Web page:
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Jeremy Hunt MP: If the BBC has surplus cash it should be returned to licence fee payers or used for a local TV revolution

HUNT JEREMY NW Jeremy Hunt MP is Shadow Secretary of State for Culture, Media and Sport.  He blogs here.

Today the government is going to make its long-awaited statement on Digital Britain. For those of us that think that competitiveness in new economy businesses is vital to Britain's future, this is a very important moment.

Sadly judging from one particular announcement that has been trailed, the government looks like it is more interested in propping up old business models than encouraging the rapid adoption of new models upon which our prosperity will depend. It is rumoured that regional news will be supported from now on by diverting around £100m of licence fee money to commercial broadcasters. Here are three reasons why this is wrong:

1. If there is spare money at the BBC (and many of us suspect that proper National Audit Office scrutiny of BBC expenditure would reveal a lot of waste) should we not at least consider giving it back to licence fee payers before doing anything else? The BBC has just pushed through an inflationary licence fee rise (even though there is no inflation, which is why we opposed it). This rise would be more than cancelled out if this "surplus" cash was used to reduce the licence fee from its current £142.50.

2. What people want is not regional news but local news. Regional news is an outdated model based on the old ITV transmitter regions. The East Midlands region covers Nottingham, Leicester and Derby for example. But people in Nottingham do not have the slightest interest in what is happening in Leicester or Derby - they want to know what is happening in their city. It is a disgrace that Birmingham Alabama has eight local TV stations and Birmingham in the UK - four times the size - has none. Rather than propping up an old business model the government should be working out ways to usher in a new generation of super-local TV stations - surely of vital importance to support our campaign for more locally-elected Mayors.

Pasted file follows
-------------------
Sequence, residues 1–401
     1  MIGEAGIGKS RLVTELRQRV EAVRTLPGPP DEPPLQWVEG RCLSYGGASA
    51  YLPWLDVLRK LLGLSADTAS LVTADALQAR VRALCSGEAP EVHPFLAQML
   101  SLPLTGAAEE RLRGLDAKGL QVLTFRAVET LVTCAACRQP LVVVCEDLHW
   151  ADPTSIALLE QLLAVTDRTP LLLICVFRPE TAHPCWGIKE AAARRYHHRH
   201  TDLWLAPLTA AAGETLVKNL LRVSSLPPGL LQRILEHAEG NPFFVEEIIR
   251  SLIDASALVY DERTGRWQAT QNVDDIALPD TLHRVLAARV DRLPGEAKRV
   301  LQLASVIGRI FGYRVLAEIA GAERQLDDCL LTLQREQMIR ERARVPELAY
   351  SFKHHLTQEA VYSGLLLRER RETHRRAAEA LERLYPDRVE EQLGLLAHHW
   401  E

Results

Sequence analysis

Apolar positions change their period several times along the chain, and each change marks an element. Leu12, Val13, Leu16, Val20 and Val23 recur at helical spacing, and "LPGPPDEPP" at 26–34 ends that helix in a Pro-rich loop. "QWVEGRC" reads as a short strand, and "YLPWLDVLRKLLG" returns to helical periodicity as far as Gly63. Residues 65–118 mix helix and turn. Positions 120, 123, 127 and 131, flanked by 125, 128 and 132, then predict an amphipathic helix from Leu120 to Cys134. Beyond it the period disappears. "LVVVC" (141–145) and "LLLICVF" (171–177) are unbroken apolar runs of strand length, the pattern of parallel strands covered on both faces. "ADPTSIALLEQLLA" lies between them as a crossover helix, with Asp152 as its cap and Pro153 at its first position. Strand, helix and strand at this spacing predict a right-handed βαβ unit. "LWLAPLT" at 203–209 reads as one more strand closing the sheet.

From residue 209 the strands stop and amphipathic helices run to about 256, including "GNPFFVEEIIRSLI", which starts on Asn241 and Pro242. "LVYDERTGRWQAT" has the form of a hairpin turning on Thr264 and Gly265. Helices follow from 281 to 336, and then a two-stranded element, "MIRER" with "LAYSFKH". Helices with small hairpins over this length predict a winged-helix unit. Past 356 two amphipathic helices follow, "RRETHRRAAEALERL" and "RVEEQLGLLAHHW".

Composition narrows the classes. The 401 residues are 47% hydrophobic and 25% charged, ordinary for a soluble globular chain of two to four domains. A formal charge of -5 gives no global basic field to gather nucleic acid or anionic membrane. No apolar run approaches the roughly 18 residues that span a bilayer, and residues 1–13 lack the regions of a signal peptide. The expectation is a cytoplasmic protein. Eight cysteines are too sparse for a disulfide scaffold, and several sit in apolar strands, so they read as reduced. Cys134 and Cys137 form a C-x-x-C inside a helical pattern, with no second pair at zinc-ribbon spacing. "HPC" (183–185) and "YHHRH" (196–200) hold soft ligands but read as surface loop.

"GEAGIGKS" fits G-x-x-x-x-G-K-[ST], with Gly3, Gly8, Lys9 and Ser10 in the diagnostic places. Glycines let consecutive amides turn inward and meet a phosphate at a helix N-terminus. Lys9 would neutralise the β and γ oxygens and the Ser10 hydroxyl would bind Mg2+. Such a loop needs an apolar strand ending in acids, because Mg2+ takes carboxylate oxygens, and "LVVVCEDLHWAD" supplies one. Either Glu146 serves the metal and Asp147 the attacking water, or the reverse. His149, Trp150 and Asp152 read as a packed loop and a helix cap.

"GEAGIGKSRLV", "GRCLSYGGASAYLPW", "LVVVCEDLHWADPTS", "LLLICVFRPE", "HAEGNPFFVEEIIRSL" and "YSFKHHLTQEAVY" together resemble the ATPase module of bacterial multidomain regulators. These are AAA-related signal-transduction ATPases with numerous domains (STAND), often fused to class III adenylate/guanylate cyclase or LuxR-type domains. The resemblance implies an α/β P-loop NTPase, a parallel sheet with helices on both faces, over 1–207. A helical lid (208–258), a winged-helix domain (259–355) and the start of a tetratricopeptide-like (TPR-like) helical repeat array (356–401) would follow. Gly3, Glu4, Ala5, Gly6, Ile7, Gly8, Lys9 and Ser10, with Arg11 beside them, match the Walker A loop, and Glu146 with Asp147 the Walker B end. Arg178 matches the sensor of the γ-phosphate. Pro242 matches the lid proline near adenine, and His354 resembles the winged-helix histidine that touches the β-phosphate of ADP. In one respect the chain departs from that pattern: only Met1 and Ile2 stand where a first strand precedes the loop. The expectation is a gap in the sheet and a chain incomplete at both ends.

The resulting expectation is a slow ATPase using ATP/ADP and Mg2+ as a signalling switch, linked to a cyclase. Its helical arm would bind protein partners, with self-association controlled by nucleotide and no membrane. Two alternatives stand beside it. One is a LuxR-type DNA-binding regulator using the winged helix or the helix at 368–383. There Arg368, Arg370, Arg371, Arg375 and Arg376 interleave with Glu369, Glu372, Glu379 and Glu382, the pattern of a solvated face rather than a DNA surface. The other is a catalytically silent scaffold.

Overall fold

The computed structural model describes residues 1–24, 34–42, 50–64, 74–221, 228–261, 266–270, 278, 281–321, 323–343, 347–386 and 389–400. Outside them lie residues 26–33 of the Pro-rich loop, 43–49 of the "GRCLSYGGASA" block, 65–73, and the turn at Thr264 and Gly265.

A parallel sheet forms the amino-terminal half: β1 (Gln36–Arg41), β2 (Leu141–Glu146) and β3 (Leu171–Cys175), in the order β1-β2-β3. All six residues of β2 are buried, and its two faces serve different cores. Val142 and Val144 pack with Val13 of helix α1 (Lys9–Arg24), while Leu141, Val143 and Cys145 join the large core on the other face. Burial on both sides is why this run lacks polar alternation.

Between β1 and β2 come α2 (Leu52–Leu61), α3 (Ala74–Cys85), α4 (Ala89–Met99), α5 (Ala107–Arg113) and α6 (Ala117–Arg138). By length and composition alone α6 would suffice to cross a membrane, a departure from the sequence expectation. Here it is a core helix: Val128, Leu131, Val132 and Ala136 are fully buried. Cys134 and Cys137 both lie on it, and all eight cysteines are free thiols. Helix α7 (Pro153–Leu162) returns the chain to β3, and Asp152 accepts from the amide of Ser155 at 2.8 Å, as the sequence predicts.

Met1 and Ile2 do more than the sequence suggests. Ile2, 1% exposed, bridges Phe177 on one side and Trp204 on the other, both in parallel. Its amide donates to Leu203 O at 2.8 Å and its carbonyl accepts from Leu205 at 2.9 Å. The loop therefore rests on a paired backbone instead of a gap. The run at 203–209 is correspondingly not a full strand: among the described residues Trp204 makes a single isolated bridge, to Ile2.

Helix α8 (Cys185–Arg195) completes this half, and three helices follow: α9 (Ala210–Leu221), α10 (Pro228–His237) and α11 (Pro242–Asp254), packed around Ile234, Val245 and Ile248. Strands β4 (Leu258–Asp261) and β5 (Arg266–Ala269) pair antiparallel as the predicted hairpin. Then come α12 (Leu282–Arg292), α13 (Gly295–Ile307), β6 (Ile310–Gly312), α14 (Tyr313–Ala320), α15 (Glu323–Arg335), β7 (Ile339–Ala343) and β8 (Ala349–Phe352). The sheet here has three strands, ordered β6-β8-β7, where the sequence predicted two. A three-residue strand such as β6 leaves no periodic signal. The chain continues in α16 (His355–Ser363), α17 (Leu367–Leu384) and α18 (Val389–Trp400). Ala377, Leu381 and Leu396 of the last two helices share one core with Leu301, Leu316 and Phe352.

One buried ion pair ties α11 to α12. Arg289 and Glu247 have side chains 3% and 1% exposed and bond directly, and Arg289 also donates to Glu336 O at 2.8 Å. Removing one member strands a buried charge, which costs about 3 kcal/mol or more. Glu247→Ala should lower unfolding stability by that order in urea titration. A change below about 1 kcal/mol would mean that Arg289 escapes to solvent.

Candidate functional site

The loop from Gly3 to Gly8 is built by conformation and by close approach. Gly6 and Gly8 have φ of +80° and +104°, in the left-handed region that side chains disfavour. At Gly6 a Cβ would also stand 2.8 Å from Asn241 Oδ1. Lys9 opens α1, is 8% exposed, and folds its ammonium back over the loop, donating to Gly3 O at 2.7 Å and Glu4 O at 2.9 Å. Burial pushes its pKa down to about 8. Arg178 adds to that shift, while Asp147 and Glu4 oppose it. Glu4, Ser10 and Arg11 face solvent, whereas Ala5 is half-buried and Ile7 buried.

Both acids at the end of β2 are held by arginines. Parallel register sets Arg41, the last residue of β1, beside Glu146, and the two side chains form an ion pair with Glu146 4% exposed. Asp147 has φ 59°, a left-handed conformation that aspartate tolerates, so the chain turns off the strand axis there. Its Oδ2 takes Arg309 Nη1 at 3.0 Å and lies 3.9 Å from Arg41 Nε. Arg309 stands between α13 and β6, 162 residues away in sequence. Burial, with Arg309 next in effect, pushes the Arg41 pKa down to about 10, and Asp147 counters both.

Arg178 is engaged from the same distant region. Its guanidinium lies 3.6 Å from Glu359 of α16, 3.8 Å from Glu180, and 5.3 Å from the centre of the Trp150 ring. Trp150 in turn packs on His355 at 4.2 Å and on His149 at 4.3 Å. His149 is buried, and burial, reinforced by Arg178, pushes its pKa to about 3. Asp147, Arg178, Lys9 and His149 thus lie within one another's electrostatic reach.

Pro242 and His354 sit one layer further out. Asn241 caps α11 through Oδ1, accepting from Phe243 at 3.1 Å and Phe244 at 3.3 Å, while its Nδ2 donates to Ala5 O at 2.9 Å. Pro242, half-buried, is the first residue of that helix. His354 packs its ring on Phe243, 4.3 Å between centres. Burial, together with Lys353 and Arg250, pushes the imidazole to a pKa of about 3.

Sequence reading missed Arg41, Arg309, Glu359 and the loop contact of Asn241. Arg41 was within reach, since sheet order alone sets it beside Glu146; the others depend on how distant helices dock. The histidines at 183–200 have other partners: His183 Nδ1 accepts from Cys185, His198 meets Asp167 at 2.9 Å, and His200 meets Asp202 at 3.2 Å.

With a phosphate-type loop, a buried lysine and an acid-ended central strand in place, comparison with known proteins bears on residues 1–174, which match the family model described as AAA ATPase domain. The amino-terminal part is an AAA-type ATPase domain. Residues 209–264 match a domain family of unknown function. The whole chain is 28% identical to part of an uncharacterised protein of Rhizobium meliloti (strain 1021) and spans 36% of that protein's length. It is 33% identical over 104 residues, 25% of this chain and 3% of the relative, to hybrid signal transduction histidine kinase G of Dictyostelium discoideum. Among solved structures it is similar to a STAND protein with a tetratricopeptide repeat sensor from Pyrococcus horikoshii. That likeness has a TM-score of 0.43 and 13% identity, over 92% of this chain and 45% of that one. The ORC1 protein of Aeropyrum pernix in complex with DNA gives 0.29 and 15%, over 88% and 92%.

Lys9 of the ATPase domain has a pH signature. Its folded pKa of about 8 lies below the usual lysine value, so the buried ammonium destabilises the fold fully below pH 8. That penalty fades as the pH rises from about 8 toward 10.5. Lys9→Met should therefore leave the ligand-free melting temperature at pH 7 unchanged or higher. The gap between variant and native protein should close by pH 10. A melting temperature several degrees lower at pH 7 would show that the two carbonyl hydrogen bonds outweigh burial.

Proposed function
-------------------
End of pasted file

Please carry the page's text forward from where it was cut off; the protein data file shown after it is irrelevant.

3. Getting on for 100 local newspapers have gone bust because of both the internet and the recession. Instead of trying to solve problems like regional TV with yet more state support, why do we not get rid of the outdated regulations that prevent newspaper groups expanding into local television, as happens in the States? That would give them a new revenue stream, allow them to cut costs by spreading the costs of journalism over multiple platforms, and bring new entrepreneurialism to our local media sector that is starting to die on its feet.

Added by Tim Montgomerie: I hope Jeremy won't mind me adding a PS to his article but the chart below is interesting.  Commissioned by OfCom it shows what the public would like done with excess licence fee payers' money.  Click on the image to enlarge.

Picture 1 Asked to rank options on a 1 to 10 scale the red bar represents those who rated an option highly and so on.  It shows that the option most favoured by licence fee payers is a simple refund.  The least popular option is the one being pursued by Labour; a subsidy for public service broadcasting on ITV.


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